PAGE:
Ocean explorers are uncovering a whole gaggle of new undersea gardens from the Arctic to the Indian Ocean powered by nothing but hot water, and rich in both exotic life and valuable ores.
Geothermal vents on the ocean floor had previously been thought possible only in places like the eastern Pacific, where the relatively rapid spreading apart of tectonic plates creates seafloor volcanic activity to power the fields of smoking hot water.
Now, scientists have found vents in the Arctic Ocean, along the mid-Atlantic Ridge and discovered a vastly productive hot water spout in the Indian Ocean.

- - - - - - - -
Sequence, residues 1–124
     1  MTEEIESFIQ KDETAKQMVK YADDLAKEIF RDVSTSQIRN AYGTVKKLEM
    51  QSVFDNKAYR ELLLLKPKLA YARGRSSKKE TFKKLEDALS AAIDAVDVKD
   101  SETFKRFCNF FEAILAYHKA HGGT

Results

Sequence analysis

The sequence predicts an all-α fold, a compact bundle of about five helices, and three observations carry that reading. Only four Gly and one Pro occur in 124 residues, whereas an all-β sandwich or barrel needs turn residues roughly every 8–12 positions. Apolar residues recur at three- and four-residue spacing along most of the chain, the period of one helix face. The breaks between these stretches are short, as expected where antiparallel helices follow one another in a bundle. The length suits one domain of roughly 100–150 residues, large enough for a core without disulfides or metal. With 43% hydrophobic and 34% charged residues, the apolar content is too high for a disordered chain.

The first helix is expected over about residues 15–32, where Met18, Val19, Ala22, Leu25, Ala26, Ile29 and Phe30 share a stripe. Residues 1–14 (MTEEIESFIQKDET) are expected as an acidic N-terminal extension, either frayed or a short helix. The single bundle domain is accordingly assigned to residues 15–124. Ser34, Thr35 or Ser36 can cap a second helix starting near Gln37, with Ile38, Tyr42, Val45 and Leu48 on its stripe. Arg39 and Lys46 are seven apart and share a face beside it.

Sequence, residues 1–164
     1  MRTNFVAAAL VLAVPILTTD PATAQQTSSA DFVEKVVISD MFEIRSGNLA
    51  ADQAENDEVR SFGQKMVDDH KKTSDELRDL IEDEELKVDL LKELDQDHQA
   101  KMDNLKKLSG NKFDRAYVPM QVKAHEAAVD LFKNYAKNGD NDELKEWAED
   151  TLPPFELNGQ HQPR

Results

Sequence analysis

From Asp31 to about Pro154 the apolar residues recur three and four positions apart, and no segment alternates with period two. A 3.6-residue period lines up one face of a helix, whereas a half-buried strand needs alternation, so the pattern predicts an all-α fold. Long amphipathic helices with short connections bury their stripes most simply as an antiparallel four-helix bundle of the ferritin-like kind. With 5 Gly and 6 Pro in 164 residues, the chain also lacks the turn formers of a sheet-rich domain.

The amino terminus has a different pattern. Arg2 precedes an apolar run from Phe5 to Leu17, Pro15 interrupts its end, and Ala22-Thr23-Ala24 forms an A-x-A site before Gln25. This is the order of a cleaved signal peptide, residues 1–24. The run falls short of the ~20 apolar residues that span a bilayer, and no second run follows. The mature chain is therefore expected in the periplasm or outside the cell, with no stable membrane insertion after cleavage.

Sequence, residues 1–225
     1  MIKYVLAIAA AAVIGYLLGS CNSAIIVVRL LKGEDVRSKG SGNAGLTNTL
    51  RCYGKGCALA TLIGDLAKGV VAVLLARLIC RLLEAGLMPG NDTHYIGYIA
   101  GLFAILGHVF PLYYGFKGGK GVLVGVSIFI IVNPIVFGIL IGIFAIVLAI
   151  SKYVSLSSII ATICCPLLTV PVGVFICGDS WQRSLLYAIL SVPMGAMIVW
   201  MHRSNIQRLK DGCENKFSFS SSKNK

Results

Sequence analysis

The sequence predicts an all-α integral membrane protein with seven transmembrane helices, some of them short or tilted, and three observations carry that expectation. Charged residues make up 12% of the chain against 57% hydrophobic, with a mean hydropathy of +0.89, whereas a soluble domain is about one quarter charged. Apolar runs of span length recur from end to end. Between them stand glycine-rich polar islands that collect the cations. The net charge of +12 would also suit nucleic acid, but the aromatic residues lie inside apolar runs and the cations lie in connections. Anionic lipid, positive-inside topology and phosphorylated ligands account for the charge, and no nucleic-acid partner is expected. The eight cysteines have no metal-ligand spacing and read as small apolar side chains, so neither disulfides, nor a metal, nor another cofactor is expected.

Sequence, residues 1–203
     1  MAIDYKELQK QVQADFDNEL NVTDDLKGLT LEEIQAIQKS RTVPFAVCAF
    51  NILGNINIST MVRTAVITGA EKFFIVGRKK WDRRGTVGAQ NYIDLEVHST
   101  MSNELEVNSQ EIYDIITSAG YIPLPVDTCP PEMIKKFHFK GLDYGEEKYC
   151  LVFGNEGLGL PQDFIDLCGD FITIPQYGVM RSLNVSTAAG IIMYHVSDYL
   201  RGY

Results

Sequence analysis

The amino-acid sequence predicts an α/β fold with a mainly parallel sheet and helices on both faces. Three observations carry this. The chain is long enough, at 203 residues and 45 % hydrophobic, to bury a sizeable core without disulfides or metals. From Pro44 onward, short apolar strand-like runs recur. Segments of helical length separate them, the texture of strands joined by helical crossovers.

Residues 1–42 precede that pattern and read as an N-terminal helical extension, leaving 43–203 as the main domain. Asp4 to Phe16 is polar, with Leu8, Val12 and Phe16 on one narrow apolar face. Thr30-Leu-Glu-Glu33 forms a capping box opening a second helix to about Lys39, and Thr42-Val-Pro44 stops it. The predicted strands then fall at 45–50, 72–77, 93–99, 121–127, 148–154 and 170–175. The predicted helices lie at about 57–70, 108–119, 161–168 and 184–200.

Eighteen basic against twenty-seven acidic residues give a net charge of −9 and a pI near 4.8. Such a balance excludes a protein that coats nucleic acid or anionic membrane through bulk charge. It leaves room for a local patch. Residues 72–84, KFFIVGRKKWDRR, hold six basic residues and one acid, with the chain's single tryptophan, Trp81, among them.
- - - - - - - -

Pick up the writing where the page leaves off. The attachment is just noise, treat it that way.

"Up to 20 years ago all these new discoveries were in regions that were off-limits," says hydrothermal vent specialist Professor Peter Rona of Rutgers University.
In other words, they were in places where the seafloor is spreading apart more slowly than in the eastern Pacific, where Rona discovered the famous "black smoker" vents in 1979.
Then, a hydrothermal site known as TAG was found with a huge mound of hydrothermally created iron, copper, zinc, gold and silver ores about 3 kilometres underwater along the mid-Atlantic Ridge.
"It changed the picture of seafloor hot springs from regional to global," Rona said at a recent meeting of the American Geophysical Union in San Francisco.